The popular first-term governor could, as is often the case in situations like these, choose to select a close ally from his own party as a replacement for Lautenberg. State law says the governor "may" appoint a replacement, and it's hard to see Christie leaving the seat vacant. A few obvious possibilities are state Sen. Tom Kean Jr., the party's 2006 Senate nominee; Lt. Gov. Kim Guadagno; and Joe Kyrillos, a close Christie ally whom the GOP nominated for the Senate in 2012.
Of course, it's possible -- though less likely -- that Christie would appoint a Democrat to the seat. He is campaigning as a bipartisan governor in a very blue state, after all. Tapping a Democrat would be seen as a major stroke of bipartisanship. Replacing a Democrat with a Democrat and then saying the voters should decide what happens next in November would no doubt be very well received by Democrats and moderates.
But such a move would be politically perilous for Christie and would run the risk of angering Republicans, the last thing Christie needs if he has any designs on running for president in 2016. He has already stoked some concern among conservatives by embracing President Obama in the aftermath of Hurricane Sandy.
Because Lautenberg had already announced he was not running for reelection in 2014, the Democratic race to replace him has been in full swing. Newark Mayor Cory Booker (D) has been actively exploring a bid and has been viewed as the clear frontrunner ahead of the regularly scheduled 2014 election. Rep. Frank Pallone (D) also has been considering a bid.
Booker had long been seen as a potential Christie opponent leading up to this year, but he opted to run for the Senate instead. Christie and Booker have a good relationship, which they have poked fun at over the years. If there is a Democrat whom Christie might be tempted to appoint, Booker would be that Democrat.
Christie will also have broad authority to set a special election for the seat. But when that will happen is unclear. Because of the high costs associated with holding an election, setting an election to fill the seat for Nov. 5, 2013 seems like the natural choice. New Jersey is already holding its off-year state elections at that time. Christie is running for his second term this year, and polls show he is a substantial favorite.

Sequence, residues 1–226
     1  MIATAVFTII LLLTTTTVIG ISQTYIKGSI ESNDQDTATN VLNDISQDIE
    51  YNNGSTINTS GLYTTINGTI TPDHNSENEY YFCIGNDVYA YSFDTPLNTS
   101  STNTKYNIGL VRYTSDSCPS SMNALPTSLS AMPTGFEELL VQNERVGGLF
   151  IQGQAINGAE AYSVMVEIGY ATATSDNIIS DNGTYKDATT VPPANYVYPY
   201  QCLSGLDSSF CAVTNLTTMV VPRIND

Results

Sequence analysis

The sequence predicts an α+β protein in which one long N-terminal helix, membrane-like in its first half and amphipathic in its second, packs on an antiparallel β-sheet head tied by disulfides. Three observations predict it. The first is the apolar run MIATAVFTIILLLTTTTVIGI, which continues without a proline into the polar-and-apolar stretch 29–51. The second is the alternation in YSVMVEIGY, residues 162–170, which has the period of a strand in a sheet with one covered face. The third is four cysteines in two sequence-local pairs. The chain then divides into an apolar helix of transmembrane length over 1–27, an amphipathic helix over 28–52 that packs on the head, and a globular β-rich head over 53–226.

But New Jersey special election law is a somewhat murky, with two provisions that are difficult to square up. One rule states that if the vacancy occurs more than 70 days before the next general election (as it does in this case), then it will be filled in the next general election. Simple enough.
Another, however, reads that if the vacancy occurs less than 70 days before the primary -- this year's primary is set for June 4, so were are within that window -- the election wouldn't be held until 2014, unless Christie calls for an earlier special election.
On one hand, appointing a Republican replacement this year and affording that person more than a year to build a Senate record and a base would seem to work to the GOP's advantage. But running a GOP candidate alongside a popular Christie in 2013 might also represent Republicans' best chance at an unlikely win.
If there is a special election this year, it seems likely that Booker will be on the ballot, one way or the other. Even if Christie doesn't appoint him, he's already begun laying the groundwork for a Senate bid and would be an obvious choice for Democrats to nominate for the special election.
There is also the question of what a 2013 Senate election would do to Christie's own odds. If Booker is running for the Senate this fall, he will fire up a Democratic base that Christie's opponent, state Sen. Barbara Buono (D), could try to tap into herself.
In short, there are many variables at play.
This much is clear: Whoever wins the Senate seat this year (if there is an election) will have to turn around and immediately run for election again in 2014.
With Christie considered a strong favorite for reelection, it was looking to be a quiet year in New Jersey politics, at least in statewide races. But not now.
Updated at 3:26 p.m. with more details on New Jersey special election law